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Filters and Effects in Adobe Illustrator: Understanding the Difference

Adobe Illustrator comes with a diverse set of filters and effects to enhance and create artwork. The list of filters and effects have many matching counterparts in each of the menus, but their functions and purpose are what set them apart.

Same Functions, Different Purposes

When the Filter and Effect menus are viewed, a lot of similar choices are available. The results for using the same function in either menu will result in the same results on the screen, but there’s a different purpose for each menu’s listings.

The difference can be easily explained with an example. Add round corners to a pair of rectangles by choosing Stylizes… > Round Corners from each menu. Use the same radius value for each rectangle. Then choose View > Outlines to see only the paths of the objects. Notice that the Filtered rectangle’s paths have rounded corners, while the Effected rectangle’s paths are still squared corners. This is the key to understanding the difference: Filters change the paths of an Illustrator object, Effects give the appearance of change to an Illustrator object without changing the paths. See below for a diagram of this example.

Filters are permanent changes to an object’s shape or style. Effects give the appearance of new styles and shapes without changing the original objects’ shape.

Editability and Flexibility with Effects

Using the example of the round cornered rectangles, the Effected object can be edited so that the corner radius can be changed or removed. With the object selected, choose the Appearance palette (Window > Appearance) and note that the listing of object attributes contains “Rounded Corners” with an “fx”. Double-click on this entry, and the Round Corners dialog box appears, giving the opportunity to change the corners.

Clicking on the Filtered object will list only the stroke and fill characteristics of the object in the Appearance pallette. The rounded corner values cannot be edited on a Filtered object since the filter was applied to make the object permanently round cornered (The Undo command is the only way to change the corners back to square).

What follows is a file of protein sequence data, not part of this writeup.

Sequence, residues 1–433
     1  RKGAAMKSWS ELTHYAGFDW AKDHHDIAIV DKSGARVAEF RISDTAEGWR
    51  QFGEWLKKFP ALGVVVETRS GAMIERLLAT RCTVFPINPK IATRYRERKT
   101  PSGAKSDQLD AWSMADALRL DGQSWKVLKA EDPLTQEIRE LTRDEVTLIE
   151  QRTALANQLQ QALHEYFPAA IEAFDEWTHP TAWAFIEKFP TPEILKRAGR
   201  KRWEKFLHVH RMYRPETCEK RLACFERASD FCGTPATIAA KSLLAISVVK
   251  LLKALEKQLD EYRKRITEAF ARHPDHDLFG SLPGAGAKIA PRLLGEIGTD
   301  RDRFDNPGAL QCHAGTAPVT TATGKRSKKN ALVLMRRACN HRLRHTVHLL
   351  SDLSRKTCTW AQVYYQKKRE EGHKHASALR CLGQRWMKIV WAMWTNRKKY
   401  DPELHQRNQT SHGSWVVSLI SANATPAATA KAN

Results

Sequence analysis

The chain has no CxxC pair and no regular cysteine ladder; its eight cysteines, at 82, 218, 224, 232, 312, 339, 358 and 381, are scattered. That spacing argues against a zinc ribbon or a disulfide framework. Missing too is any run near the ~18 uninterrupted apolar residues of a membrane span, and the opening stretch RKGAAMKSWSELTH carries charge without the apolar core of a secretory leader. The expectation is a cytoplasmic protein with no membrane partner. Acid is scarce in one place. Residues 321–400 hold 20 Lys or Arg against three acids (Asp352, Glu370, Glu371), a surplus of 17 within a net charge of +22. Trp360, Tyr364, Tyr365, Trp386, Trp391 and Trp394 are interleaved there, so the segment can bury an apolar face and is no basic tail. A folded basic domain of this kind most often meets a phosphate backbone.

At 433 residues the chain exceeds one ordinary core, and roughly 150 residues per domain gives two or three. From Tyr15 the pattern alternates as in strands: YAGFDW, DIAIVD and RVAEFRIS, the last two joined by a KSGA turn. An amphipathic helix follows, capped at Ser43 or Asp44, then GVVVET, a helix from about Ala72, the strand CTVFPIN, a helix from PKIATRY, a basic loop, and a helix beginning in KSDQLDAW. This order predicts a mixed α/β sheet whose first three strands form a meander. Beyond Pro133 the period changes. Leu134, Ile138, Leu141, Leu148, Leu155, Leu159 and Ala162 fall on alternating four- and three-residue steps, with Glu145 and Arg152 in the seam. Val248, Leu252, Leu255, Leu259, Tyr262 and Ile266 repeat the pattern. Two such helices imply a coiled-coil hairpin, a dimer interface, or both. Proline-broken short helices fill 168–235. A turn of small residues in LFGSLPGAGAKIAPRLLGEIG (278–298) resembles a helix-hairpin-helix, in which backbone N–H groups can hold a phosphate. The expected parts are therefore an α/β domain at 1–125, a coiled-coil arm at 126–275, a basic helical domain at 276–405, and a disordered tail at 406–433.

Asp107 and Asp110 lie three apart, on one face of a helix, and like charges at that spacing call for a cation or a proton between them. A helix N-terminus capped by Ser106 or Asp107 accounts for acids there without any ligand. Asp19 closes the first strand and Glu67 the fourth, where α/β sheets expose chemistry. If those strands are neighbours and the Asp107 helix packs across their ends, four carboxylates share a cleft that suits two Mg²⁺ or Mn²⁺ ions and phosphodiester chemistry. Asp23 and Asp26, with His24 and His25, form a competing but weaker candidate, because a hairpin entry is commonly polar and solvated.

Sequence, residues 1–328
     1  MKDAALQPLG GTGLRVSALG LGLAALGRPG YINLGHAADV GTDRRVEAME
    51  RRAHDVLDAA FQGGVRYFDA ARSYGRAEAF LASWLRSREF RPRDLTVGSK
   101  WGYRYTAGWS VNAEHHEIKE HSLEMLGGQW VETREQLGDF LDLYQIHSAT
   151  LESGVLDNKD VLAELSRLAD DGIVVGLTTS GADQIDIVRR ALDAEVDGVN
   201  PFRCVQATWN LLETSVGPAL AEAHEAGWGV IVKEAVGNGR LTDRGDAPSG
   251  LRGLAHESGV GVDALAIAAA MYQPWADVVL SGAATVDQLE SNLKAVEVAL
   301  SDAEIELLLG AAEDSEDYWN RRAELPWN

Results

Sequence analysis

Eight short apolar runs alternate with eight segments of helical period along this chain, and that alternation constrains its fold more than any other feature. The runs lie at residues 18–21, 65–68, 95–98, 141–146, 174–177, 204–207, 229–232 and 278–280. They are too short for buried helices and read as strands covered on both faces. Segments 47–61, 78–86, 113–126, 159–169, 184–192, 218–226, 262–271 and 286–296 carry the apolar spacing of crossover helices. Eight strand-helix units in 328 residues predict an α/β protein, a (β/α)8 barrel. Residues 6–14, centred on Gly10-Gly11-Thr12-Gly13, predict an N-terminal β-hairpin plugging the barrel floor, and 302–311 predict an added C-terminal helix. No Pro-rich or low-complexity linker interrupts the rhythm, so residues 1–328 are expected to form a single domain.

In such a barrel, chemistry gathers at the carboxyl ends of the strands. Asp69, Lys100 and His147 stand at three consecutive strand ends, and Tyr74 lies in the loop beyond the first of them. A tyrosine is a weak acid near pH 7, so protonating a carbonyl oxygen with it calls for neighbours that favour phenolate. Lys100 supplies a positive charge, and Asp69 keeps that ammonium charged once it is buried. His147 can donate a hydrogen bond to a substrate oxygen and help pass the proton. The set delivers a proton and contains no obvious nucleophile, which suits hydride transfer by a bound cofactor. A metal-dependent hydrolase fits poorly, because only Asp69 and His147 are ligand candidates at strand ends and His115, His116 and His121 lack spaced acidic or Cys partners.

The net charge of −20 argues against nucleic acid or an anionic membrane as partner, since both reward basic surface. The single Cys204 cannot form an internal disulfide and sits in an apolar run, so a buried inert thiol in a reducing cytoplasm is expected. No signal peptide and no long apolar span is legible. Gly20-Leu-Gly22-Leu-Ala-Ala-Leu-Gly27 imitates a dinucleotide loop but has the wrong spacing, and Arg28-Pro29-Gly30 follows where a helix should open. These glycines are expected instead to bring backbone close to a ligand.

Multiple effects can be applied to an object in the Effect menu and they will appear as individual listings in the Appearance menu. Add a drop shadow, give it a warped arc shape, and each of those effects will appear listed. Specific effects can be removed without changing the other effects. This allows experimentation with effects and gives incredible flexibility to the creative process.

Filtered items retain their true appearances in their shape and do not allow for experimenting. Once a document is saved and reopened again, filtered objects are permanent in their state at the opening. Effected objects can be edited over and over and are not limited to a document’s session of being open.

Using Photoshop Filters and Effects

There are many Photoshop styles available in these menus, but the difference here is that these styles in the Photoshop Filter menu are used on embedded and rasterized objects, while Effects menu styles can be applied to vector items. These Photoshop Effects will be rasterized when outputted, but give the same flexibility in editing as Illustrator Effects.

 

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